Call for minimum pricing as it’s revealed that poor men in middle age are at 10 times suicide risk

From The Irish Times

MARK HENNESSY, London Editor

MIDDLE-AGED men living in poor communities in Ireland and Britain are 10 times more likely to take their own lives than men of a similar age living in more affluent districts, according to research conducted by the Samaritans.

Up to now research into suicide has focused on mental illness, but the reality is  “that the majority of people with psychiatric illness do not take their own lives ”, according to the research report published today entitled Men and Suicide: Why It ’s a Social Issue.

 “Psychiatric illness is not enough to explain it. Suicide is a mental health issue. It is also an inequality issue and we don ’t think that that has been given enough attention, ” said Prof Stephen Platt, head of health policy research at the University of Edinburgh.

Most attention over the last 20 years has gone into cutting youth suicide rates with success  – but higher figures among older men have been ignored. Some 1,903 men aged 35-54 took their own lives in 2010 in England, compared with 1,147 aged 15-34.

 “Midlife has been seen as the prime of life, but people currently in midlife are experiencing more mental problems, unhappiness, compared to younger and older people, ” according to the report.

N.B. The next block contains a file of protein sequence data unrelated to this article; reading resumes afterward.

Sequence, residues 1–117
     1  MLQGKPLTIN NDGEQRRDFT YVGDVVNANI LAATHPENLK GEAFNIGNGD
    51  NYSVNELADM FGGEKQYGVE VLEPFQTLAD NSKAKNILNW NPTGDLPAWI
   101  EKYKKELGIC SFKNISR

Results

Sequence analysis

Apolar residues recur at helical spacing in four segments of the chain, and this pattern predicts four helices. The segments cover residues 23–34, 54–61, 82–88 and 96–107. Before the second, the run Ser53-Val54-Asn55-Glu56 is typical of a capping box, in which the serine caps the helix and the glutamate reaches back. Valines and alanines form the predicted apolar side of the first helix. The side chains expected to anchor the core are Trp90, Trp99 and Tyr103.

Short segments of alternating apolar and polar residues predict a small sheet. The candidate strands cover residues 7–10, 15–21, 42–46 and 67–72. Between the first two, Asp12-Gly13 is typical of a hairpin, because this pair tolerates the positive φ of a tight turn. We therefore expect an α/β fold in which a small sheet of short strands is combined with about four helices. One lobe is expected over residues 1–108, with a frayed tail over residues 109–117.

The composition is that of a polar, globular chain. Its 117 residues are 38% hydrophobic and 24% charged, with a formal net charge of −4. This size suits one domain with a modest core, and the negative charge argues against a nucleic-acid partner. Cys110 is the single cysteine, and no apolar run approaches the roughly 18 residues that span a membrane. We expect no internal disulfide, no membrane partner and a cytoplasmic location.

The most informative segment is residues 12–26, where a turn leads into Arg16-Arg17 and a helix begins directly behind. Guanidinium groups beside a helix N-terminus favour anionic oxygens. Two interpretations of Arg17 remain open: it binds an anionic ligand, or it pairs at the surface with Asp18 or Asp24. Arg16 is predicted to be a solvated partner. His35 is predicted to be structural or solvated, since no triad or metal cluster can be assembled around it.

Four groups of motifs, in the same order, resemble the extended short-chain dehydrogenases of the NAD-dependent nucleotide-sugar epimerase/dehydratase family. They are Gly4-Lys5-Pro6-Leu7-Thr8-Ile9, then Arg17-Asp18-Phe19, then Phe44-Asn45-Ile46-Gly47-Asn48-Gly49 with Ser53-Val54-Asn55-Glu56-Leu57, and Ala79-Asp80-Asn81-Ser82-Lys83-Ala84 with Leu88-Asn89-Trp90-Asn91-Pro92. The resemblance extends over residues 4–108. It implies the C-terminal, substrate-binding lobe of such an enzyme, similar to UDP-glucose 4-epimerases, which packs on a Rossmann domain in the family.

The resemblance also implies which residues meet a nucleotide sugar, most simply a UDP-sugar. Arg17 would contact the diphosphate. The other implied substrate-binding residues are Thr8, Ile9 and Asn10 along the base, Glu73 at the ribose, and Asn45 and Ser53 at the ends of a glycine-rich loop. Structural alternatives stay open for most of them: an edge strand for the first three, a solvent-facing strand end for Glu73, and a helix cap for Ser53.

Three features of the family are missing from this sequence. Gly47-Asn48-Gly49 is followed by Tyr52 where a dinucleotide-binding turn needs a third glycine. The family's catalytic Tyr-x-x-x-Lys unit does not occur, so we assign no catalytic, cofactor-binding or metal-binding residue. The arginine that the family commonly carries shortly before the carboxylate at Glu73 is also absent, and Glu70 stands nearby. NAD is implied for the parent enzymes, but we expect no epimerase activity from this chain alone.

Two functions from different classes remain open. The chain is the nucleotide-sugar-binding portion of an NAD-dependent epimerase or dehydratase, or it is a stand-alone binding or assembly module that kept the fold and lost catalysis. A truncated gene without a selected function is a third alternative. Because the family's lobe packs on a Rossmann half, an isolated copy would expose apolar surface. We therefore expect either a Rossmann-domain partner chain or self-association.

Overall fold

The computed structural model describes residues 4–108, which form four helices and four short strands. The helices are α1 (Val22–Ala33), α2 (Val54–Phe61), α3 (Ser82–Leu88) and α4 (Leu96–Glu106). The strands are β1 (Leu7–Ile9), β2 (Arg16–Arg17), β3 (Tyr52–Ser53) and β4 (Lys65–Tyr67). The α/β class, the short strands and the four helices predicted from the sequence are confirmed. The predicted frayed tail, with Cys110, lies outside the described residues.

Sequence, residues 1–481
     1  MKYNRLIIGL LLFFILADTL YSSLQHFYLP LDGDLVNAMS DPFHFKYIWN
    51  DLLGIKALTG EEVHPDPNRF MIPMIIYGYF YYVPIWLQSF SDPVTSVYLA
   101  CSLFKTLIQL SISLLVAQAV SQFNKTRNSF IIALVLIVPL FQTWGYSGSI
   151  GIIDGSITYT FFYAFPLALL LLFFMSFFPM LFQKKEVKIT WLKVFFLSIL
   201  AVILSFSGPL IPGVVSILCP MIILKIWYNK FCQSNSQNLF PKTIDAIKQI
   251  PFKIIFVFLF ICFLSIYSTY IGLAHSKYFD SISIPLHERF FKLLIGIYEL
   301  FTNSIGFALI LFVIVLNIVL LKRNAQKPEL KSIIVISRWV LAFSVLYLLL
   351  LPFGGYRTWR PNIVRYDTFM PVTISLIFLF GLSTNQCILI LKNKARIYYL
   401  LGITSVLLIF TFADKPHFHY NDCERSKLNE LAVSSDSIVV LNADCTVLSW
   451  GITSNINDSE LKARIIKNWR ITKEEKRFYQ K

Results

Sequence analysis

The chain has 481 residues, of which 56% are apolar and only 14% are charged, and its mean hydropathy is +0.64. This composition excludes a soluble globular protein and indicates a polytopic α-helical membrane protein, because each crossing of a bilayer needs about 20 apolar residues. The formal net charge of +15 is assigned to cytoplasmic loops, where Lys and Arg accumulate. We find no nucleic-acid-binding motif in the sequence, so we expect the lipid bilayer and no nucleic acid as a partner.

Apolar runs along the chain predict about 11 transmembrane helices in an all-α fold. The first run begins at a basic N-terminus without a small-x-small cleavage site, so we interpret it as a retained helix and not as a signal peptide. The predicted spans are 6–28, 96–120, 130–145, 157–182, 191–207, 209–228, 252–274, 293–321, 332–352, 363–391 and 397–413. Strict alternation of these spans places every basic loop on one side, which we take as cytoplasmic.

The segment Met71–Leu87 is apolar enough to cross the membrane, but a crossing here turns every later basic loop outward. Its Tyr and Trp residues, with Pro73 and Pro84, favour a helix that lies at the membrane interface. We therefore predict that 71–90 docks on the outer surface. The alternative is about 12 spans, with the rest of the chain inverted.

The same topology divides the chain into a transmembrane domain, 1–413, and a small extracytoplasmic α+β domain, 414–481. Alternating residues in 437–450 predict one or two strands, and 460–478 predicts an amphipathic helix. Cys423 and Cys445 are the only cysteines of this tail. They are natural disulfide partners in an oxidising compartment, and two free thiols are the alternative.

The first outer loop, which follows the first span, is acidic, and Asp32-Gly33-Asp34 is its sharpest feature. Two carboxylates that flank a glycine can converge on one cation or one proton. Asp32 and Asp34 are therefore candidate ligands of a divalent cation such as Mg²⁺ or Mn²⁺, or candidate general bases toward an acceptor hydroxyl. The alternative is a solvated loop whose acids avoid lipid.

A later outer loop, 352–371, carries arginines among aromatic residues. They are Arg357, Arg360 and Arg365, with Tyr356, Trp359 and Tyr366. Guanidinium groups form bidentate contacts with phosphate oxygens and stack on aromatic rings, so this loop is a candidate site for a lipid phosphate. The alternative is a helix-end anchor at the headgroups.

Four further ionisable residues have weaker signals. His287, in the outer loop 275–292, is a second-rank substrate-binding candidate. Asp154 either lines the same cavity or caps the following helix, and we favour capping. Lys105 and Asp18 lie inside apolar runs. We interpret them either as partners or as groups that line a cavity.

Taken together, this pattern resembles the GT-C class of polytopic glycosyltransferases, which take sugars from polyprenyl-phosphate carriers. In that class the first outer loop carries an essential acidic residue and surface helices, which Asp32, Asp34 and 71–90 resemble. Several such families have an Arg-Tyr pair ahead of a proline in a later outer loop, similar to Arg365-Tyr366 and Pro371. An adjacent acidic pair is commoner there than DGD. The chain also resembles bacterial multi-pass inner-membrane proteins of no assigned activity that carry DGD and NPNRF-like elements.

So far the evidence of the impact of the economic crisis on Irish and British suicide rates since 2007 is mixed, with figures varying from year to year, said University College Galway economics lecturer Brendan Kennelly, one of five academics who conducted research for the report.

However, the international evidence pointed to a clear link.  “Generally speaking, you would expect to see an increase, which supports the basic economic approach: income matters, work matters, ” he told a press conference in London.

 “Banks and financial institutions where people are struggling with their mortgages should think about their actions, ” he said.

 “More attention should be given by the banks to the possibility of suicide as a consequence. ”

Meanwhile, he urged governments in all parts of the UK and Ireland to join in making alcohol more expensive, saying the desirability of reducing its use among all men was clear as an anti-suicide measure and for general health.

Many middle-aged men, according to the report, are  “now part of the buffer generation, caught between their older, more traditional, strong, silent, austere fathers and their younger, more progressive, individualistic sons… ”

 “Beyond the age of 30, men have fewer supportive peer relationships than women and are dependent on a female partner for emotional support, ” it said.

Outlining the impact of poverty, or unemployment on suicide, the report said unemployed men were two to three times more likely to take their lives than those at work, while unskilled manual workers were most at risk if they lost jobs.

Contacts: Samaritans (, at 1850-609090 (Republic) or 08457-909090 (UK/Northern Ireland); Pieta House (, centre for prevention of self-harm or suicide, at 01- 6010000; Console (, a charity for the bereaved, free helpline at 1800-201890; and Aware (, helping people with depression, at 1890-303302.